GoSafe speed cameras facing industrial action by workers
Consortium awarded €115.5m State contract in line for dispute over toilets, pay,conditions
Siptu said notice of industrial action in ‘the coming days’ was intended to mean by the end of the week. File photograph: Cyril Byrne/The Irish Times
GoSafe, the company which runs Ireland’s roadside speed monitoring vans, is set to face notice of industrial action by the end of the week in a row about pay and conditions.
The GoSafe consortium was awarded the State contract to operate the privatised speed cameras in 2016 for five years, in a deal reportedly worth up to €115.5 million.
Besides complaining about pay, Siptu GoSafe staff also allege that shift patterns are so strict that it leaves them with little choice but to carry a plastic bottle for use in toilet breaks.
Individual GoSafe drivers who have spoken anonymously to The Irish Times said they were employed on nine- or 11-hour shifts, most of which was spent in the van.
While they are allowed to take breaks, the possibility of giving evidence in court meant they had to be in operational charge of the van and camera equipment throughout the shift.
For many this meant eating lunch in the van. And while they are allowed outside to “stretch the legs”, the need to remain in operational control means they cannot go beyond sight of the van.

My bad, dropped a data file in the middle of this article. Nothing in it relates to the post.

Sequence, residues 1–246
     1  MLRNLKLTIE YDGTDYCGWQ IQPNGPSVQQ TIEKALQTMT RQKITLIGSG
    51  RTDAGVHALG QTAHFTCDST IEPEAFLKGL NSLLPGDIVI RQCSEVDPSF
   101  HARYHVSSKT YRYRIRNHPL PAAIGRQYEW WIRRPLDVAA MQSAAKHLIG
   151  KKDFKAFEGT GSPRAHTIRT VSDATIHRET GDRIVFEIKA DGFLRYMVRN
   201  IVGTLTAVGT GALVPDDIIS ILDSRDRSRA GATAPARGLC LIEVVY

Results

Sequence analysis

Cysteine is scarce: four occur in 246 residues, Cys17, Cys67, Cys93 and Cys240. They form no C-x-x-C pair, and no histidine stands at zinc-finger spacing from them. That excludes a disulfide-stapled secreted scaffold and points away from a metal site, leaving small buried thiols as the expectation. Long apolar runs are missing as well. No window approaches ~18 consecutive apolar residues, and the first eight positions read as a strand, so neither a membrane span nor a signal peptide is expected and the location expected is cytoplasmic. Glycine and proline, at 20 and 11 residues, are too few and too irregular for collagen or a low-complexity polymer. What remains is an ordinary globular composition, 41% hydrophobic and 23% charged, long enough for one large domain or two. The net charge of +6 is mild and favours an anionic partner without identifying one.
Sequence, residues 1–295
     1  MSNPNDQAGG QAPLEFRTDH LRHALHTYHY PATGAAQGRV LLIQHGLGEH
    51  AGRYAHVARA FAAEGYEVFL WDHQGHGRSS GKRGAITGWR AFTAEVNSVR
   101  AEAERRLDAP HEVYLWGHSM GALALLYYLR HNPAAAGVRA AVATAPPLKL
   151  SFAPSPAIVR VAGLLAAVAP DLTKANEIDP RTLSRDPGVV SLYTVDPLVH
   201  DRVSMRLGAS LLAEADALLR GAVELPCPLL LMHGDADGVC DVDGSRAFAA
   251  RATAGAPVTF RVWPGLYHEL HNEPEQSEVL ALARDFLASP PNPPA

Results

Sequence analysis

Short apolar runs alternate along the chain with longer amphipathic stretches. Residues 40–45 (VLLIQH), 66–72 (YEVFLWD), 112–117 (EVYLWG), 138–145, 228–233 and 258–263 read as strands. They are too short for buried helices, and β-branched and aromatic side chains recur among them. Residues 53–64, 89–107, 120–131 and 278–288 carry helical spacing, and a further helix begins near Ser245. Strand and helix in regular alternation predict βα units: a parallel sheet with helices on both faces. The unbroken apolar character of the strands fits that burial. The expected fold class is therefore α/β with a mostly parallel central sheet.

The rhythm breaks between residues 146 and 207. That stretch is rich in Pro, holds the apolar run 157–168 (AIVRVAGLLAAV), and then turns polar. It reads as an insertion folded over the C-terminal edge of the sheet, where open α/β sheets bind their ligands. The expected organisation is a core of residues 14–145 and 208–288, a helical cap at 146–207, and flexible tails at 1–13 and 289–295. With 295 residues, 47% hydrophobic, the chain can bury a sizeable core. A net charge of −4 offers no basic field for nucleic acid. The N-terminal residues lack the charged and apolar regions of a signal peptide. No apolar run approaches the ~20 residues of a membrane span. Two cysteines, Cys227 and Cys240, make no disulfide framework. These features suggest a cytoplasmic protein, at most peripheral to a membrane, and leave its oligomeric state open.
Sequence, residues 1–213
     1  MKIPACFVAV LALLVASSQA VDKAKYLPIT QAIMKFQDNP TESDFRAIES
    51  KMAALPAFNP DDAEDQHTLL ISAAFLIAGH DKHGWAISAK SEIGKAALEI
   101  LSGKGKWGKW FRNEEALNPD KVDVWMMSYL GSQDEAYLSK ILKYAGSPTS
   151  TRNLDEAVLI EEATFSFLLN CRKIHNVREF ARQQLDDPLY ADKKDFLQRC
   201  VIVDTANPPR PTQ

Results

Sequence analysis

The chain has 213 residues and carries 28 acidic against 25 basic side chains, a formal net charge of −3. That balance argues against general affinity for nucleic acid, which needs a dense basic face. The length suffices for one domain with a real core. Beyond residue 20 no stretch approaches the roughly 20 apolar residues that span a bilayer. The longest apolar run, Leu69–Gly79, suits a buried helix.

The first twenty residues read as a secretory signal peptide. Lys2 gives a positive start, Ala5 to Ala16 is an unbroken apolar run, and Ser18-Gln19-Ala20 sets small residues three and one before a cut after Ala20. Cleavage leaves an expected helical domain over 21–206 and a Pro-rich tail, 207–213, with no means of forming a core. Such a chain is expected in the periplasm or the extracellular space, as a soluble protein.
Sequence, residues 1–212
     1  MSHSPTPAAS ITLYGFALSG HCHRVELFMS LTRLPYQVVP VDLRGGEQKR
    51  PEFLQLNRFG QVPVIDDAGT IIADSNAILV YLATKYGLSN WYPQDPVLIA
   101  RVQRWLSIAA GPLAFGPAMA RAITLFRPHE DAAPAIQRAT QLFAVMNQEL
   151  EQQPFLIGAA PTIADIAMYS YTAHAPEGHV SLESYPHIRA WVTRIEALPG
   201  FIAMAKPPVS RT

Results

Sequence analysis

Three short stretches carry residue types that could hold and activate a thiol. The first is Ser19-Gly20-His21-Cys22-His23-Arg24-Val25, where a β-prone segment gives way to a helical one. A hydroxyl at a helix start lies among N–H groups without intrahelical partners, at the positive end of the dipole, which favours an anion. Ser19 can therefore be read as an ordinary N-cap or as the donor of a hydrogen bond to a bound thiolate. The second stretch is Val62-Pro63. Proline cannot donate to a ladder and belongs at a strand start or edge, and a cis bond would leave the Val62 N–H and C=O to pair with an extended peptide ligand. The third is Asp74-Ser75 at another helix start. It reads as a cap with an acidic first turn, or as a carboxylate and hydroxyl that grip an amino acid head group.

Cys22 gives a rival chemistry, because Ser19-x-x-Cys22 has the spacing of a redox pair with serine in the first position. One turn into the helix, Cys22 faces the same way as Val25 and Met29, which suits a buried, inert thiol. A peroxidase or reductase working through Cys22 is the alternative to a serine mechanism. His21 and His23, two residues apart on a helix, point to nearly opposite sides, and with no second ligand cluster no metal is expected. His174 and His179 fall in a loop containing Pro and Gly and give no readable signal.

Staff also spoke of the danger of being attacked by the public and pressure to meet deadlines for travel when they journey between pre-selected checkpoints.
Efforts to contact GoSafe for a response were unsuccessful. But the obligations it faces to monitor speed means that industrial action could create significant problems for the company.
No option but strike vote
Any reduction in hours of roadside monitoring is also likely to have an impact on the State’s Road Safety Strategy, given the significance of speed in fatal and other serious road crashes.
Siptu organiser Brendan Carr said his members had no option but to vote for strike action after GoSafe insisted that issues should be dealt with through the company’s representative forum.
Mr Carr said the company had refused to implement a Labour Court recommendation which confirmed that it was Siptu representatives who have the sole right to negotiate on behalf of its members with management.
Mr Carr criticised what he described as “the unacceptable practice of Government departments issuing contracts for State services to companies who refuse to engage with the industrial relations bodies of the State.
“This is a completely unacceptable situation when such companies are in receipt of large amounts of public funds,” he said.
Asked if there was a timeline for industrial action Mr Carr replied “it is expected that notice of industrial action will be served by Siptu on the company in the coming days”. A Siptu source said “the coming days” was intended to mean by the end of the week.